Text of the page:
Brothers Ralph and Carter Stanley were born in the mountains of Virginia. In 1946 the two organized a band called The Clinch Mountain Boys, which became one of the first bands to copy the Monroe style of “Bluegrass.” Carter sang lead and was considered to be one of the finest singers of his time. Ralph sang tenor and played the banjo. Many of their songs like “The White Dove”, “The Lonesome River”, and “The Fields Have Turned Brown” became well known hits. After Carter’s death in 1966, Ralph revived the Clinch Mountain Boys and continued to perform. Ralph Stanley passed away in 2016.
The Stanley Brothers – Carter and Ralph – were born in the mountains of southwestern Virginia in Dickenson County. Carter was born on August 27, 1925 and Ralph was born on February 25, 1927. They learned most of their early music at home. Their mother played the claw hammer banjo and their father was a gifted singer of old time songs. The boys acquired instruments in their early teen years and began playing the music of old-time performers they heard on the radio.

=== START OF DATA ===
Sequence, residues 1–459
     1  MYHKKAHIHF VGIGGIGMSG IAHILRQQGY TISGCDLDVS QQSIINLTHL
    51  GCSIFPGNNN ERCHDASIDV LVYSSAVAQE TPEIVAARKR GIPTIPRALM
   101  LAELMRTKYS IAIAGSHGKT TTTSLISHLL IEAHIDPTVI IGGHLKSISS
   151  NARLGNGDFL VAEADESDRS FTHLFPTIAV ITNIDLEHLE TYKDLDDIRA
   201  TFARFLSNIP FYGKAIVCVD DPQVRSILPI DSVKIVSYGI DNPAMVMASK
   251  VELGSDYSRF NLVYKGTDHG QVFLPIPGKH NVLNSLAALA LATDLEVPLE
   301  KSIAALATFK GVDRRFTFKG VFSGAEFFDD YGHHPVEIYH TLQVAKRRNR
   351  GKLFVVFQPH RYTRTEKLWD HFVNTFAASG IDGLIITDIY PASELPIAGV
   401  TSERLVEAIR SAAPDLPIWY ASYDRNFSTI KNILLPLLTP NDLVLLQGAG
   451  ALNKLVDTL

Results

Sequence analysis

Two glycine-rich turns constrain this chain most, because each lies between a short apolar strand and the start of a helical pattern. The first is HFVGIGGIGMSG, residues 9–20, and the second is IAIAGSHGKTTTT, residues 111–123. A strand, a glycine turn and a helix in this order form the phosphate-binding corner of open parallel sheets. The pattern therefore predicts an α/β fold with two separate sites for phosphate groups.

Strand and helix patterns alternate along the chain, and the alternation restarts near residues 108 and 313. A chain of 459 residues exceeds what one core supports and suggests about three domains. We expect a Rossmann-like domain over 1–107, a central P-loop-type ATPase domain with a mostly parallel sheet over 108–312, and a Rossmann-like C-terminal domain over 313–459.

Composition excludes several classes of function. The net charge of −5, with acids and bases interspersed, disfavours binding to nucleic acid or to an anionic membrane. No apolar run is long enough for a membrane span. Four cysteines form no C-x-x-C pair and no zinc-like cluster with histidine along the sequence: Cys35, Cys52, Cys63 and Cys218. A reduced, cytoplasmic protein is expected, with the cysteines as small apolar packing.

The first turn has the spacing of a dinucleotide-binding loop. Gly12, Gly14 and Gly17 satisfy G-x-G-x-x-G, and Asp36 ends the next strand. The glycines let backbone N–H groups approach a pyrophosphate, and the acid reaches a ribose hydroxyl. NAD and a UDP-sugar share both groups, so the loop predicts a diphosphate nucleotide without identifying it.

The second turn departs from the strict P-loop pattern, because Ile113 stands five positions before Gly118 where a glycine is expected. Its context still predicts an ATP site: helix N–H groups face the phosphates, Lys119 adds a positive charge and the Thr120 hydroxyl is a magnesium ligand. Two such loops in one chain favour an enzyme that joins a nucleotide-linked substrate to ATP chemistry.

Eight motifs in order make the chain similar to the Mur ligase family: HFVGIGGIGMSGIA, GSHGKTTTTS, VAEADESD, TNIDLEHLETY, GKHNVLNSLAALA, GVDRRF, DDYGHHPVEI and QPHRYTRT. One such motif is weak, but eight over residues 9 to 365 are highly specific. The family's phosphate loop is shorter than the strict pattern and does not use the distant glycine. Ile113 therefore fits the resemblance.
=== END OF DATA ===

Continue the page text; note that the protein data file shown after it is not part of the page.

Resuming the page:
After WWII, Carter and Ralph organized their band, which became known as The Stanley Brothers and The Clinch Mountain Boys. They performed briefly over radio station WNVA in Norton, Virginia in 1946 and then moved to Bristol to headline WCYB’s Farm & Fun Time broadcast. They remained on this station for 12 years.
While in Bristol they made their first recordings for an independent label called Rich-R-Tone. In 1949 they began a four-year association with Columbia Records. This is where many of their well-known songs like “The White Dove”, “The Lonesome River”, and “The Fields Have turned Brown”, were recorded. In the 1950s they went to Mercury Records and recorded the 1955 recording of “Angel Band” used in the movie O Brother! Where Art Thou?
In 1958 the Stanley Brothers moved to Florida to headline the Suwannee River Jamboree, a weekly Saturday evening program. They were soon sponsored by Jim Walter Homes and were syndicated on television and radio throughout the southeast for several years. Their recordings during this time appeared on the Starday and King labels. While at King the use of the lead guitar became a trademark of the Stanley sound that endures till this day.